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Paustovsky, Konstantin

The Lake Front. Early illustrations by Tatiana Mavrina.

The Lake Front. Early illustrations by Tatiana Mavrina.

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Children books / Firsts London 2024 / Illustrated books / Russian literature / Tatiana Mavrina
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Paustovsky, Konstantin [The Lake Front]. Ozernii Front.  

Illustrations by Tatiana Mavrina.

[Moscow], Gosudarstvennoe izdatelstvo detskoi literaturi, 1934. 
12mo, 79, [1] pp., ill. 

In original light brown cloth stamped in black and blue. Without dj (as issued). Illustrated endpapers (maps). 
In good condition, light overall wear and soil to boards and spine, owner inscription inside first free endpaper, small ink staining to last pages. 

The only edition with these illustrations. Early illustrations by Tatiana Mavrina. One of 30 000 copies printed. 

This novel by the renowned Soviet writer Konstantin Paustovsky (1892-1968) delves into the events of the Russian Civil War in Karelia in 1919 when the White Army troops, collaborating with Finnish, English, Serbian, and American units, attacked Petrozavodsk from the north. The central character in the novel is Captain Trener, whose prototype was Eduard Pantserzhanskiy, a military leader who fought on riverine flotillas on Lake Onega and the Volga-Caspian front during the Civil War. In 1921-1924, he served as the Commander-in-Chief of the Soviet Naval Forces, but in 1937, he was arrested and executed.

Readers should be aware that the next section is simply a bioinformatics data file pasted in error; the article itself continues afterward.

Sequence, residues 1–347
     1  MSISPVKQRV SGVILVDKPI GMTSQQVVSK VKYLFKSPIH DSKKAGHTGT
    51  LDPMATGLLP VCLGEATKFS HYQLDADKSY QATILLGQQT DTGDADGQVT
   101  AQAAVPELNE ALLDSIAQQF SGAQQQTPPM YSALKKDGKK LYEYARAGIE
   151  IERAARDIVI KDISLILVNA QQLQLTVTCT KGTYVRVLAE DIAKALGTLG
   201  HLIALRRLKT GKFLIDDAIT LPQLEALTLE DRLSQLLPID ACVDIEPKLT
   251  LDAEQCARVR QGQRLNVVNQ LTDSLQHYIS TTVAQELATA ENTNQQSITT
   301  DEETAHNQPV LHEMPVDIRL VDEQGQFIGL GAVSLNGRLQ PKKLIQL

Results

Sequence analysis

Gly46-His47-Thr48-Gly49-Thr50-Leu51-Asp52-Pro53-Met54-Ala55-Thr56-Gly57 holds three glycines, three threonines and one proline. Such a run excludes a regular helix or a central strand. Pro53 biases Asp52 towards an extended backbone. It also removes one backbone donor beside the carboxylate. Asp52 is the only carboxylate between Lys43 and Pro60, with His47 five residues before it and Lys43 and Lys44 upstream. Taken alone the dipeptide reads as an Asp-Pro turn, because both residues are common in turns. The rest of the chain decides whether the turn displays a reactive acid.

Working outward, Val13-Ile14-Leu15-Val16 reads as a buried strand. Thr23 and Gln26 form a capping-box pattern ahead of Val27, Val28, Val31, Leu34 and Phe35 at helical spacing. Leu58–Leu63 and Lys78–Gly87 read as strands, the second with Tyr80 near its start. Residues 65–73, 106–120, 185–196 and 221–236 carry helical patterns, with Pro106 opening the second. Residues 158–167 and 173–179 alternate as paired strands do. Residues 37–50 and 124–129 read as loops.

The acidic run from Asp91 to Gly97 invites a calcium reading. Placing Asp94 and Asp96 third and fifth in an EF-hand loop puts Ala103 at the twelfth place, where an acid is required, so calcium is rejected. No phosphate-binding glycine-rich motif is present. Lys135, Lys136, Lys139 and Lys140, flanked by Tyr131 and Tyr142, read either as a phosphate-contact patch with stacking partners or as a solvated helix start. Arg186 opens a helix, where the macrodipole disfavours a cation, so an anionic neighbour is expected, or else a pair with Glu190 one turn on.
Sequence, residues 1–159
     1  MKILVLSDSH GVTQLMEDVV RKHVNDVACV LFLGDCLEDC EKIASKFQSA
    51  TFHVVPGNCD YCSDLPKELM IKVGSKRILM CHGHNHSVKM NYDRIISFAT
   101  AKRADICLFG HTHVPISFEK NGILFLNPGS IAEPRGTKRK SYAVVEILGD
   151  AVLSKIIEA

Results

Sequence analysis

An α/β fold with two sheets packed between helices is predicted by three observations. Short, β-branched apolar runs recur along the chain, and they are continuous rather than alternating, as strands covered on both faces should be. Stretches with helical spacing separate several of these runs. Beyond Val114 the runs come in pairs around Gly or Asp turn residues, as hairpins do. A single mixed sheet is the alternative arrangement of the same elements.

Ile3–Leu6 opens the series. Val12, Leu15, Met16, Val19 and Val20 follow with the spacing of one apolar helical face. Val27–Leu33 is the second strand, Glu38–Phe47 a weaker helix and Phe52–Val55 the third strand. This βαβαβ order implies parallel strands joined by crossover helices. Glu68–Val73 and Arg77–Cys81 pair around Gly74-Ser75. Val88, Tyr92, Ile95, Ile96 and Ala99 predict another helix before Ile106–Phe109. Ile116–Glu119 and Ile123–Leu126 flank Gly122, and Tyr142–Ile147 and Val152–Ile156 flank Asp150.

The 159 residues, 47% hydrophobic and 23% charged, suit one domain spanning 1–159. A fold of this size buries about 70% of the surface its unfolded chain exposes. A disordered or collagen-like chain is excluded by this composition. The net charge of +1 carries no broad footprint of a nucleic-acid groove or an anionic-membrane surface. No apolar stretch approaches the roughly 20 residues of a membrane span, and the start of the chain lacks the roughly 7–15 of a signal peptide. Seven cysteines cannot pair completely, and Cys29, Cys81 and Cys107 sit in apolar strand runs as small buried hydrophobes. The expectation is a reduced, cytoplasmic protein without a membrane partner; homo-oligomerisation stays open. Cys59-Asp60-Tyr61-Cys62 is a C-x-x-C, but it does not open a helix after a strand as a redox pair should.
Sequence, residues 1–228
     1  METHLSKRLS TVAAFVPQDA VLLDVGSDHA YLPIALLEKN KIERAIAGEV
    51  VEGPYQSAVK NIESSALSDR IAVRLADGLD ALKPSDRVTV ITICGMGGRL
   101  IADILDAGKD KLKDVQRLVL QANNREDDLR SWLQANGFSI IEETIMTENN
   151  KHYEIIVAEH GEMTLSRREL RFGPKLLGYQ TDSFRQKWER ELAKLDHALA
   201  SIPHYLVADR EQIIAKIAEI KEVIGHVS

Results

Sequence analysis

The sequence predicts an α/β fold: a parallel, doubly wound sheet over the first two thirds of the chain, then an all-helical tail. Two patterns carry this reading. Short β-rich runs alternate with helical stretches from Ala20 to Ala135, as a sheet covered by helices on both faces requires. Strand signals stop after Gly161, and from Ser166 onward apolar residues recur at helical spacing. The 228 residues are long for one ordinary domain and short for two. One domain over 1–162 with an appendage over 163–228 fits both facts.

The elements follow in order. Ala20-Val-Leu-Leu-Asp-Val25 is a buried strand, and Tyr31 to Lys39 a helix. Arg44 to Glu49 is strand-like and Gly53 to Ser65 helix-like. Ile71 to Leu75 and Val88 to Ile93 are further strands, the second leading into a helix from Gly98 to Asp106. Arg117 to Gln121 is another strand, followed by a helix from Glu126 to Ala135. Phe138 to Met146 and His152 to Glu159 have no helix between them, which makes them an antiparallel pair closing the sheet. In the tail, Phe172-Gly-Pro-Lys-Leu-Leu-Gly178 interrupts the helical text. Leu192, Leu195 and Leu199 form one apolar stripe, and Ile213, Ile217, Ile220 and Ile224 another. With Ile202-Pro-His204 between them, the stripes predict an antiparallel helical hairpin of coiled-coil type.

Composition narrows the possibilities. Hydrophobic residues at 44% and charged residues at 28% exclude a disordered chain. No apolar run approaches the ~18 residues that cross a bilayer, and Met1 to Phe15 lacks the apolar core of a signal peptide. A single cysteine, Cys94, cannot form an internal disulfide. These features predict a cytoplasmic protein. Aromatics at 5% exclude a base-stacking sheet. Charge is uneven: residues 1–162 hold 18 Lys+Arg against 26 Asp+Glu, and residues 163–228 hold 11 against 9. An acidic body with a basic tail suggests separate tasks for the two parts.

The book was published by the Children’s Literature publishing house and included six illustrations pasted onto some pages. These sensitive illustrations were crafted by Tatiana Lebedeva (1900/1902-1996), better known by her mother's surname, Mavrina, which she used as a pseudonym. She studied under Robert Falk at VKhUTEMAS and was a member of 'Group 13', a collective of graphic artists formed in 1929. Her first illustrated children's book was published in the same year. Like other Russian avant-garde artists during the 1930s, Mavrina turned to illustrating children's books as a way to avoid persecution during Stalin's reign. After World War II, Mavrina developed her distinctive and easily recognizable style, combining the traditions of Russian primitivism with the painterly techniques of the early twentieth century. Her illustrations of Russian folktales have since become classics, and in 1976, Mavrina became the first Russian artist to win the Hans Christian Andersen Award for her illustrations of children's books.
Interesting to note that 'The Lake Front' is the second and final book by Paustovsky that was illustrated by Mavrina. The first one, 'The Fate of Charles Lonsleville', was published just the year before.

OCLC locates only one copy of this edition: in the New York Public Library. 

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